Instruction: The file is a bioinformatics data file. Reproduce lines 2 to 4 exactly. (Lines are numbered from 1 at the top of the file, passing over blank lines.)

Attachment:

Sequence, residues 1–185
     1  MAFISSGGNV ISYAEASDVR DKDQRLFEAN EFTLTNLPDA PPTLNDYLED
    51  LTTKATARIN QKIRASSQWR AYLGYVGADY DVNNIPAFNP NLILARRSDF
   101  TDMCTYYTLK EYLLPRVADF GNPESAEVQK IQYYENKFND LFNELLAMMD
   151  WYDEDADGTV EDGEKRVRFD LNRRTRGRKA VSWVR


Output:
     1  MAFISSGGNV ISYAEASDVR DKDQRLFEAN EFTLTNLPDA PPTLNDYLED
    51  LTTKATARIN QKIRASSQWR AYLGYVGADY DVNNIPAFNP NLILARRSDF
   101  TDMCTYYTLK EYLLPRVADF GNPESAEVQK IQYYENKFND LFNELLAMMD